DUBLIN (Reuters) - Ryanair shares surged 15% on Monday after Europe’s largest low-cost carrier announced details of sharp cost cuts and promised a swift return to full capacity and expansion in the aftermath of the COVID-19 crisis.
The Irish airline, which is due to move from a skeleton service to around half its normal capacity on July 1, said it had seen a “significant spike up in bookings” and suggested it may fly more passengers next year than last year.
The bullish commentary from Chief Executive Michael O’Leary marked a sharp contrast with rivals, several of which have requested significant state support and indicated they will exit the crisis as smaller airlines.
The Irish airline on Monday announced a profit of 1 billion euros for the 12 months to the end of March, slightly ahead of analyst forecasts.
Ryanair expects to post a loss of a little more than 200 million euros in the three months to the end of June and either break even or post a small loss for July-September. A profit forecast for the year, O’Leary said, was “impossible.”
While the forecasts were “loose” due to the plethora of variables, investors were impressed by the direction of travel set out by Ryanair with respect to cost cuts and the speed of a return to more normal passenger numbers, Goodbody analyst Mark Simpson said.
Ryanair’s announcement that it had cut its weekly cash burn to a little more than 60 million euros in May from about 200 million euros in March was another factor in the share bounce.
O’Leary said cash burn is now around 10-15 million euros per week when the cost of unneeded fuel hedges are excluded, which he described as “almost zero.”
Ryanair reported a cash balance of 4.1 billion euros, including 600 million pounds raised under Britain’s Covid Corporate Financing Facility.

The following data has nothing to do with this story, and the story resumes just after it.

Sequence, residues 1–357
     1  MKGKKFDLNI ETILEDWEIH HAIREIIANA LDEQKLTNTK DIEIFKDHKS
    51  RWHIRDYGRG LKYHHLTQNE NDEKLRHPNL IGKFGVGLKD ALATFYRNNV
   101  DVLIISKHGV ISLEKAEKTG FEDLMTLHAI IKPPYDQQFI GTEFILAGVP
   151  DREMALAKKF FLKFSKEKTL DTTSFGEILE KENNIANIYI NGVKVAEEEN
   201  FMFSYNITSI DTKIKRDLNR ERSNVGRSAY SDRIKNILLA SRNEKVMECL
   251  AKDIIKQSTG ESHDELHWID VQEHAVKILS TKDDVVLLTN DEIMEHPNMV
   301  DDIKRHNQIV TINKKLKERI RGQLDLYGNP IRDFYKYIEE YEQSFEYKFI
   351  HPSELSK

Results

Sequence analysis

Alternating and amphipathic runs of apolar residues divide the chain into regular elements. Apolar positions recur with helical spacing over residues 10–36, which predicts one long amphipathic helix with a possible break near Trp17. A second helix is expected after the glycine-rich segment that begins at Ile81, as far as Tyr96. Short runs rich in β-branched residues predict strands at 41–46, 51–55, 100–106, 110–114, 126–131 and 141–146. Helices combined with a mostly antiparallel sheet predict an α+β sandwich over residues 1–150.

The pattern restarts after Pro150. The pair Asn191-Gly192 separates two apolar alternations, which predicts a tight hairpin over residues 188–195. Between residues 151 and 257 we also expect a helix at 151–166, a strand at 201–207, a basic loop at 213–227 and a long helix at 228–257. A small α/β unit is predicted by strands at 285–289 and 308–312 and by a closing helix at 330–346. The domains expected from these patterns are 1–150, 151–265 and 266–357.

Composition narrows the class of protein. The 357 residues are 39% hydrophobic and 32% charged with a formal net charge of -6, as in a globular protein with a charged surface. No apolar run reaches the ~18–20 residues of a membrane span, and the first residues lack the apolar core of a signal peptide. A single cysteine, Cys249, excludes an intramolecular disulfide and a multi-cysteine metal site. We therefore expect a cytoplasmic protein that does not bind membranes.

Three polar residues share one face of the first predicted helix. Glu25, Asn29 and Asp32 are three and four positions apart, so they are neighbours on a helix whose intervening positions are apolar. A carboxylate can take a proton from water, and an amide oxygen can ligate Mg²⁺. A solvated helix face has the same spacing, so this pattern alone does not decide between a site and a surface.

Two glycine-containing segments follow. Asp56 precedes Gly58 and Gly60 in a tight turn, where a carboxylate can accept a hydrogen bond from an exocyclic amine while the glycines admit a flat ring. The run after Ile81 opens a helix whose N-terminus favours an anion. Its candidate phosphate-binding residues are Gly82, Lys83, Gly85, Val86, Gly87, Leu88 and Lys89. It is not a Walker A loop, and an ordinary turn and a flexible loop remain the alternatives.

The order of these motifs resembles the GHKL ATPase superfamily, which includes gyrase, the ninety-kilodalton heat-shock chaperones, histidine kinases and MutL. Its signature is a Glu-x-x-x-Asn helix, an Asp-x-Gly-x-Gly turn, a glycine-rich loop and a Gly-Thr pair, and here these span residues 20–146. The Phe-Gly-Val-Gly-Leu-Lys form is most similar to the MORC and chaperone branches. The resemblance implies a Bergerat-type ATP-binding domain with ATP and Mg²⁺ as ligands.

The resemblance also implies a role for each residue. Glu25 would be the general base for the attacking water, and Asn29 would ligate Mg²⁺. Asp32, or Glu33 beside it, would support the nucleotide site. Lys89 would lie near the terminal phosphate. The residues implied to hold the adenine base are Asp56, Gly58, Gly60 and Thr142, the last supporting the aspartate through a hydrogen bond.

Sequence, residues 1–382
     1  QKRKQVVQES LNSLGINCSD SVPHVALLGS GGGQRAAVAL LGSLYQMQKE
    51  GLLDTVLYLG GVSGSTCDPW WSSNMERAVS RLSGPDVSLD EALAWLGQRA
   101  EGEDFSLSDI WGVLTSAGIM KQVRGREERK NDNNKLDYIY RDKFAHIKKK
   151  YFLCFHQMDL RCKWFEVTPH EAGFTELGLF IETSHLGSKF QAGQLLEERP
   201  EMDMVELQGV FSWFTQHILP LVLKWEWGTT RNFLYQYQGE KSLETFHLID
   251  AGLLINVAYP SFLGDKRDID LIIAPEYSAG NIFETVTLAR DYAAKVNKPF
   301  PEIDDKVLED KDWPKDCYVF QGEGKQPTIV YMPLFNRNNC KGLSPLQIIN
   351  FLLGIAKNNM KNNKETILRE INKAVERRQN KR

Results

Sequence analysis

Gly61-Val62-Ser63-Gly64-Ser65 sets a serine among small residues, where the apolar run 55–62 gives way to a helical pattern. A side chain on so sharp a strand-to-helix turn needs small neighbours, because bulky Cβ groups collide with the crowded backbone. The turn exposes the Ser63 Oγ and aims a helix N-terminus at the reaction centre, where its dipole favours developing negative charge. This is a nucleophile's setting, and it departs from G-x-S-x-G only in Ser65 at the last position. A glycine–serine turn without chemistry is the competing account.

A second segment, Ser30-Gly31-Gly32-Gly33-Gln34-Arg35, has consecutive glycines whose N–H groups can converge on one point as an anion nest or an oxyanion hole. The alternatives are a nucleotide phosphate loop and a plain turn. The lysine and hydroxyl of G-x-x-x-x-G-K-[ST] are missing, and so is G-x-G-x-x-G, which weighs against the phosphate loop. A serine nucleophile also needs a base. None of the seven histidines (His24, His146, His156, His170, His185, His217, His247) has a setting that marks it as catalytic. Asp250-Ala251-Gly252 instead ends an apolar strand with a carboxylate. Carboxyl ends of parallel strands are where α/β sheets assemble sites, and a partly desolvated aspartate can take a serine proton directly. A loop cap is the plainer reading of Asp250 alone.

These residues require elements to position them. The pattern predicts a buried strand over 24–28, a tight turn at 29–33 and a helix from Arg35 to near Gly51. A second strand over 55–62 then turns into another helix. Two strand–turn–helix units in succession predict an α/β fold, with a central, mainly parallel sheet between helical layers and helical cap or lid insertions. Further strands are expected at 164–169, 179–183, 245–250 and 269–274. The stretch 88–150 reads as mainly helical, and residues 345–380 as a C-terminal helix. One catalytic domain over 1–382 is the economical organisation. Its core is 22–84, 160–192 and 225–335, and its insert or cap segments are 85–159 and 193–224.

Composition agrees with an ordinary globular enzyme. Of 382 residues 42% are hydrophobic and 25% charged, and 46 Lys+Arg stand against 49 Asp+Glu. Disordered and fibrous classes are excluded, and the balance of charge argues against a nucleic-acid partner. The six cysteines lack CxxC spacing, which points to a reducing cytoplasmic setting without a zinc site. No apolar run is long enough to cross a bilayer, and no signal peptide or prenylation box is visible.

“They are managing the cash very well, they have contained the losses reasonably and they are back flying,” said Stephen Furlong, an analyst at Davy stockbrokers. “It looks like things are somewhat under control.”
O’Leary reiterated plans to cut at least 3,250 jobs and pay cuts of up to 20%, though he said both could be reversed in the coming years as Boeing begins to deliver dozens of 737 MAX jets per year - starting with 20-30 by summer 2021.
O’Leary said the airline would first look at the possible closure of loss-making bases in Britain, Germany and Spain.
It is also likely to close the main base of its Lauda subsidiary in Austria, which O’Leary said is facing an “existential crisis”.
“We need pay cuts. We need job losses, we need lower airport costs if we are going to right-size the business,” he said.
But he also said he expected Ryanair to carry over 150 million passengers in the year to March 2022, up from 149 in the year to March 2021. The failure of rival airlines will create “once in a lifetime” growth opportunities in the coming years, he said.
O’Leary forecast a “domino effect” of countries scrapping restrictions on travel in June as the tourism industry in countries like Spain and Portugal lobby to match Italy in allowing foreign tourists to return from June 3.
He accused Britain of “idiotic” mismanagement of the COVID-19 crisis but said the government would likely be “embarrassed” into dropping its plan for a 14-day quarantine of travellers arriving from abroad.
Reporting by Conor Humphries; Editing by David Goodman, Mark Heinrich and Jon Boyle